Auto parts makers expect banks to restructure their dues incurred during the moratorium period using less stringent conditions to assist companies whose businesses were hit severely by the pandemic.
An expert panel led by former ICICI Bank Ltd chief executive K.V. Kamath on the one-time restructuring of stressed loans had recommended that banks ignore the current ratio while restructuring loans due to the adverse impact on vehicle production and sales. The recommendations were released by the Reserve Bank of India (RBI) on 7 September.
Current ratio of a firm is its current assets divided by current liabilities, and is a measure of short-term liquidity.
“We are not prescribing any threshold for current ratio due to the ‘just in time inventory’ business model for raw materials and parts, and finished goods inventory is funded by channel financing available from dealers,” the committee said in its report.
As part of the just-in-time model of production followed by the automobile industry, vehicle makers do not store spare parts in a bid to control costs. Instead, vendors supply on an hourly basis based on the number of vehicles that would be assembled by a company on a given day.
Vinnie Mehta, director-general of Automotive Component Manufacturers Association (Acma), said the pandemic disrupted the just-in-time production model and impacted the financial metrics of the auto parts makers.
“Hence, they cannot be judged by the same metrics used during the pre-pandemic situation. Now, most manufacturers are in need of working capital loans, and the auto sector has been in distress since the last year-and-a-half. So, banks should not look at the current ratio for the time being while disbursing short-term loans; then it will help component manufacturers get working capital loans under less stringent terms,” Mehta said.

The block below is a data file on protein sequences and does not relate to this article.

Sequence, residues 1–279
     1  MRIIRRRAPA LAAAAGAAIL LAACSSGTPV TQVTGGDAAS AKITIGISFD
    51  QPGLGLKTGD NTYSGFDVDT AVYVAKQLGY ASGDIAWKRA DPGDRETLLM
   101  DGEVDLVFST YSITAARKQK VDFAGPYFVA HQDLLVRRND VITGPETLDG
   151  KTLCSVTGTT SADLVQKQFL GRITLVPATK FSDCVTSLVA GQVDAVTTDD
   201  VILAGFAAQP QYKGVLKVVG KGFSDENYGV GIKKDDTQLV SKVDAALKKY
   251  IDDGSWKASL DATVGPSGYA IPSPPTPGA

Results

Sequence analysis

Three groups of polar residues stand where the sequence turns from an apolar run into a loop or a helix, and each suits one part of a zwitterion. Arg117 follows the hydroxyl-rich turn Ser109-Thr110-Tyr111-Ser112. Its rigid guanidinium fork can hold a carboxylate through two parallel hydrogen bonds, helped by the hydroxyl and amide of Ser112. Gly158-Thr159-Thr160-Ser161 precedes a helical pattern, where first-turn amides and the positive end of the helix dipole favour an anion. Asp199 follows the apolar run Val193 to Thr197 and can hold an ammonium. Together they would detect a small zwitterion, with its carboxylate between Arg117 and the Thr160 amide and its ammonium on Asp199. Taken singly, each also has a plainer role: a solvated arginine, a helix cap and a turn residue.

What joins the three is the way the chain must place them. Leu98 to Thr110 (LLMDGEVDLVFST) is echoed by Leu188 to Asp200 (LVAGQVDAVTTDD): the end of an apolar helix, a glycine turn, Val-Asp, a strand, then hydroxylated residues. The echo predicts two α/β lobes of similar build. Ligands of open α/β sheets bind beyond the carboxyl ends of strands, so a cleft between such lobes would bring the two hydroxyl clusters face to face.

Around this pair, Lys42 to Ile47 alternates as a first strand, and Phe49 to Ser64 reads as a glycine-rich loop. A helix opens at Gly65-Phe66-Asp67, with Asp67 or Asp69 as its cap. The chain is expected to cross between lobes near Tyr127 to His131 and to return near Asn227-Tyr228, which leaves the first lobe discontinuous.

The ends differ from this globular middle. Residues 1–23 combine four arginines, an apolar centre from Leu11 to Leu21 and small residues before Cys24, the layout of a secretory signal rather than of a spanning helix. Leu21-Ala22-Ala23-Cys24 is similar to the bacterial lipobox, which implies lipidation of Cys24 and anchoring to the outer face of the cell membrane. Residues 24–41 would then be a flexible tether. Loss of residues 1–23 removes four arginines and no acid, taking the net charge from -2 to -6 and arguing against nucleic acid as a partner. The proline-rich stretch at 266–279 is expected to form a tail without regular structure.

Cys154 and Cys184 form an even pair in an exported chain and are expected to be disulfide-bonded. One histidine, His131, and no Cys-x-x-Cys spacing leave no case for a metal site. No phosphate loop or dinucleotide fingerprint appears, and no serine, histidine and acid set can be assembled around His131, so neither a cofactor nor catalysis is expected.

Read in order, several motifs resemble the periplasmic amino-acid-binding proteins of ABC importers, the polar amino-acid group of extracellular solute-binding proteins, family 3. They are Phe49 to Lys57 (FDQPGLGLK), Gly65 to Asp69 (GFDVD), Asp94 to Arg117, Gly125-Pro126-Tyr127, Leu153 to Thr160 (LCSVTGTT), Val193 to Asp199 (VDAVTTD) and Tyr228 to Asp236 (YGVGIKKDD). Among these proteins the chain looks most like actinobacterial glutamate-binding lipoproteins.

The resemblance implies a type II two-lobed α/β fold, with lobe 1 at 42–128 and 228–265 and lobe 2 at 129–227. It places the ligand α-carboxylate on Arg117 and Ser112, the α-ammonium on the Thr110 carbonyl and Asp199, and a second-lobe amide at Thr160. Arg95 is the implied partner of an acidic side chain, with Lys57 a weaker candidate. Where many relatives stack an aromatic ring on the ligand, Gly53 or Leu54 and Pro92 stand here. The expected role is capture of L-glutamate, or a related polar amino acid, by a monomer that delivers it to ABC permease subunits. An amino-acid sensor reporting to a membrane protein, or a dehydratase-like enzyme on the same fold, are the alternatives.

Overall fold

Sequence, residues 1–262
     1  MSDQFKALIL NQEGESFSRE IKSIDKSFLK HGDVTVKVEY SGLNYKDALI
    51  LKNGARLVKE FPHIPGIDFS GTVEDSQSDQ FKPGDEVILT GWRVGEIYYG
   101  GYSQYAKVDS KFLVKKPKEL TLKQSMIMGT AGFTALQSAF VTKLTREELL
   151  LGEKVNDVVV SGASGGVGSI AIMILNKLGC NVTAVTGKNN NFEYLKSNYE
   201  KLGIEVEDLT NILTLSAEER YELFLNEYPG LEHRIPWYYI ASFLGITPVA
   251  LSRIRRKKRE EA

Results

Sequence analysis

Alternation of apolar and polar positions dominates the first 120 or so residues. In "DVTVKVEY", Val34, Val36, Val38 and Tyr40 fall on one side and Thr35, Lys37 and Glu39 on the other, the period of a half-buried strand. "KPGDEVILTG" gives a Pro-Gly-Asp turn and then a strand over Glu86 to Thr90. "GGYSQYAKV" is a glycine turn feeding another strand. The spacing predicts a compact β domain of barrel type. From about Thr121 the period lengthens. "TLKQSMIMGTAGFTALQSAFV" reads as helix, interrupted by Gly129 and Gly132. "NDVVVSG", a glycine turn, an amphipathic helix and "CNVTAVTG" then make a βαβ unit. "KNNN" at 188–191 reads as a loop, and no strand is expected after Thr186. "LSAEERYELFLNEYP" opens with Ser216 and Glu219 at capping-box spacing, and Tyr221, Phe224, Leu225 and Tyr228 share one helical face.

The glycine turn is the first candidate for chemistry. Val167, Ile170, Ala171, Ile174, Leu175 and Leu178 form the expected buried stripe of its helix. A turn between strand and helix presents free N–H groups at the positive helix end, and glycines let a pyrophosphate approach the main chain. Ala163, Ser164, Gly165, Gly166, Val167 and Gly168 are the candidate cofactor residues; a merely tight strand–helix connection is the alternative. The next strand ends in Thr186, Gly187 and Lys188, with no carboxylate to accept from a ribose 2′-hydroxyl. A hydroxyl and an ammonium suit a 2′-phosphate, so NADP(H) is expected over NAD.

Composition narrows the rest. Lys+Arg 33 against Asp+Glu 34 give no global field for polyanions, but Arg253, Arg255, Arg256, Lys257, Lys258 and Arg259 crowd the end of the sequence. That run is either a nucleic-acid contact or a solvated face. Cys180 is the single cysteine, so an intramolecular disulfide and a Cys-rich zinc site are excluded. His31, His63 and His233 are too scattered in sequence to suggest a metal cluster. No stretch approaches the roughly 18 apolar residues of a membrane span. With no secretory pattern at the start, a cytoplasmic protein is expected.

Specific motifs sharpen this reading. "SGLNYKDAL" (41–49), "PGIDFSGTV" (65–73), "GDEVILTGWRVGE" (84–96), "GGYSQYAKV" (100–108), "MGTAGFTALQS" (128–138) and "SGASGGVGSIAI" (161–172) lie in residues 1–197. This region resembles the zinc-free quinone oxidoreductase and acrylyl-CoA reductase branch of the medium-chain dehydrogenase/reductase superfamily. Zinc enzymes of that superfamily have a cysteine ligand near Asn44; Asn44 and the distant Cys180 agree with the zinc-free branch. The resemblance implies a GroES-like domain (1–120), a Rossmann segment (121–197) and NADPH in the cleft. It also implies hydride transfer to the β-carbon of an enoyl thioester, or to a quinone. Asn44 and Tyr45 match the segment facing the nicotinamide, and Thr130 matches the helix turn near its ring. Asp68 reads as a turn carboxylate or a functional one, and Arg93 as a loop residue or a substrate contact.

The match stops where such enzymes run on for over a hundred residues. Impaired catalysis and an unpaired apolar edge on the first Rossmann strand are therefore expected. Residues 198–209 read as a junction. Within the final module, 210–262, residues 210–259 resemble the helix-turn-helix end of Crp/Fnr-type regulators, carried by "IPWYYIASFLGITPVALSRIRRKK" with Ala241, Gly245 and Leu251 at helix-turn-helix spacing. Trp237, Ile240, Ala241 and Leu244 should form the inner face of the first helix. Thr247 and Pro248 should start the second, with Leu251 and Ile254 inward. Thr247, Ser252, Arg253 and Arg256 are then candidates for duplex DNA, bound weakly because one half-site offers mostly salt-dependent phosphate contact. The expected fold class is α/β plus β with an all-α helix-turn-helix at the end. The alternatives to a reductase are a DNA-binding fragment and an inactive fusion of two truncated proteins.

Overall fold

Carmakers and part suppliers had to shut factories from 22 March to comply with the lockdowns announced by the Centre and the states to contain the spread of covid. Production though has picked up substantially since July as automakers began replenishing dealer stocks for the festival season.
This is attributed to a pent-up demand in rural areas and the lower base of last year. Auto sales across segments have been declining from the second half of FY19. In FY20, sales fell 15%-25% across categories after posting a low single-digit rise in FY19.
The Society of Indian Automobile Manufacturers (Siam) has forecast vehicle sales to drop 25% to 45% this fiscal.
Most parts producers posted losses in the June quarter and are expected to stay in the red in the second quarter as well.
Manav Kapur, director, Steel Bird International, said suppliers had low stocks due to the lockdown and when production resumed, supplying parts to vehicle makers became a challenge due to a shortage of workers and trucks.
“The just-in-time model got disrupted when OEMs started manufacturing vehicles. So the cash flow and other ratios of suppliers got impacted and banks need to help these firms. OEMs are working capital negative; they buy components in credit and sell to dealers in advance. So the pressure on them is less,” Kapur said.
“The current ratio and working capital covenants got distorted due to the lockdown and many firms went into negative cash flow. So while restructuring, banks have to be sensible since the sector has been struggling for two years now,” said an analyst with a foreign brokerage, seeking anonymity.
Accepting the panel’s proposal, RBI said banks must ensure recast loans meet specific financial parameters by March 2022.